Rossi pleased with practice showing in Montreal

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Alexander Rossi is pleased with his performance during practice for the Canadian Grand Prix despite finishing at the bottom of the timesheets.

The Caterham reserve driver deputized for Kamui Kobayashi during FP1 on Friday in Montreal, marking the first time that he drove  a 2014-spec F1 car. Nevertheless, his time was just four-tenths shy of Caterham regular Marcus Ericsson, and he was pleased to complete some good mileage.

“Yeah it was alright I think,” he explained when asked about his session by NBC Sports. “Obviously you always want to go quicker than the other car. I think that for the first foray, 27 laps is alright.

“There were some things that were very much as I expected, and some things that weren’t. At the end of the day, I accomplished the number one thing, which was to drive this year’s car to get an idea of what it’s about.”

Rossi last drove for Caterham during practice for the United States Grand Prix – his home race – but since then Formula 1 has seen a huge change in the regulations, making the cars very different to their 2013 predecessors.

“I wouldn’t say that there’s anything that’s the same, to be honest, other than the fact that it’s a green race car with four wheels,” Rossi said. “Everything’s completely different and the approach that you have to take is completely different as well. It’s a fun car to drive to be honest, it takes you back more to the junior formula days because it’s not a race car that’s just on rails.”

Now, Rossi is turning his attention back to his GP2 campaign with Caterham Racing. He will next drive a Formula 1 car at the race in Austin later this year.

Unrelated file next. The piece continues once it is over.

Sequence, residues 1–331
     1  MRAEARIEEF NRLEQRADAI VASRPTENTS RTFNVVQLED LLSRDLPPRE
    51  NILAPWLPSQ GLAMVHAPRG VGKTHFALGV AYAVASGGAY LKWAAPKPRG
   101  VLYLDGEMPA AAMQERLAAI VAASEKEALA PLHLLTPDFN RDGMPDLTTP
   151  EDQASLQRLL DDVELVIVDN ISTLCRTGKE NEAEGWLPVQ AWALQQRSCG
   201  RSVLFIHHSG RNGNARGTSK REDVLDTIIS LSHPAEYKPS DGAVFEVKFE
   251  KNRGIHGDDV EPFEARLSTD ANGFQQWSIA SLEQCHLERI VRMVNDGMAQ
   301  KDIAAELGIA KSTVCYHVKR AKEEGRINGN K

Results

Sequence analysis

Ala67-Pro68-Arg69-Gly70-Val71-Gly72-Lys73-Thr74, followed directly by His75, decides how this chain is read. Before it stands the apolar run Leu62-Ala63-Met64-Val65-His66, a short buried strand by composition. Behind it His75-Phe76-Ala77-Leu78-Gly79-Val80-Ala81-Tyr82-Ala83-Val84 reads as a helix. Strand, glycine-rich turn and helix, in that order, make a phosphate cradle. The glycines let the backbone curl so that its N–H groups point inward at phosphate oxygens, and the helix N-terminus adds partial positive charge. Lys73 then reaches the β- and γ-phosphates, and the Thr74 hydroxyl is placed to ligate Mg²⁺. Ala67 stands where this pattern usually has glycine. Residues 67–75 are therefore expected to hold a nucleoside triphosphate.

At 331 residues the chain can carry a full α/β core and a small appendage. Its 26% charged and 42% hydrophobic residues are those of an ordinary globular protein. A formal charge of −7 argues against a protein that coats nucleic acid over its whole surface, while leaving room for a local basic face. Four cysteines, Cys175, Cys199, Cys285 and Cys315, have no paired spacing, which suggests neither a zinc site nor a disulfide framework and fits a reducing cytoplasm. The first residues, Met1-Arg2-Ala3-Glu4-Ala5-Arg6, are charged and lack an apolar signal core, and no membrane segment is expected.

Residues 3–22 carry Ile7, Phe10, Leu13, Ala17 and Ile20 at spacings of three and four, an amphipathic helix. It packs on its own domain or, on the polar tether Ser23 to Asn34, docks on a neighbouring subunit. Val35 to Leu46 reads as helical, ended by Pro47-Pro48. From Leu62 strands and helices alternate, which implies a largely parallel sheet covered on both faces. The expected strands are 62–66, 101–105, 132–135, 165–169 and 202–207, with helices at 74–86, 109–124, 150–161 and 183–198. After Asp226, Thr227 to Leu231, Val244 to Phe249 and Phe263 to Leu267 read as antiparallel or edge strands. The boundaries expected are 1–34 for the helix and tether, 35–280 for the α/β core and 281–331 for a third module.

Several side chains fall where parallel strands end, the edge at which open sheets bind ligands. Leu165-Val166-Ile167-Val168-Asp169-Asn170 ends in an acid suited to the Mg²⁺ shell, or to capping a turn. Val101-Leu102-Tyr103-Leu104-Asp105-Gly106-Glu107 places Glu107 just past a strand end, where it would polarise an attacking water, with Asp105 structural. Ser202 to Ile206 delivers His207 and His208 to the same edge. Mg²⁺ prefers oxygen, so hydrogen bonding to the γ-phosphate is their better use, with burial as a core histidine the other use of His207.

“This is a great experience. I’m very thankful to the team for the opportunity. I have a lot of work to do in GP2, so starting right now, my mind is going back to GP2 and how we can improve that situation. Come Austin, I think the car will be very different than what I just drove anyway, so it will be a new kind of experience to adapt to.”

Takuma Sato’s likeness revealed on Borg-Warner Trophy (PHOTOS)

Photos; Walt Kuhn
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INDIANAPOLIS – Rather than the traditional December unveil, this year’s reveal newest likeness added to the Borg-Warner Trophy came Tuesday at the Indianapolis Motor Speedway Museum.

Takuma Sato got to see the result of the sculpting done by William Behrends and then turned from wax, clay and ceramic into sterling silver on Tuesday evening, as the winner of the 101st Indianapolis 500 presented by PennGrade Motor Oil saw his face revealed on the trophy.

Sato took the No. 26 Ruoff Home Mortgage Honda for Andretti Autosport to the win in thrilling fashion this year over Helio Castroneves, denying the Brazilian his fourth Indianapolis 500 victory in the process. It atoned for his near-miss in 2012, driving for Rahal Letterman Lanigan Racing, the team he’ll return to in 2018.

It’s been a whirlwind last week-plus for Sato, doing the podium interviews at the Japanese Grand Prix, reflecting on his Indianapolis 500 triumph, then sharing the victory spoils with another Japanese pilot in Yoshihide Muroya, who won the Red Bull Air Race World Championship at Indianapolis this weekend.

Photos of Sato’s face on the most unique trophy in sports are below. This post will be updated following tonight’s full unveil. (All photos: Walt Kuhn)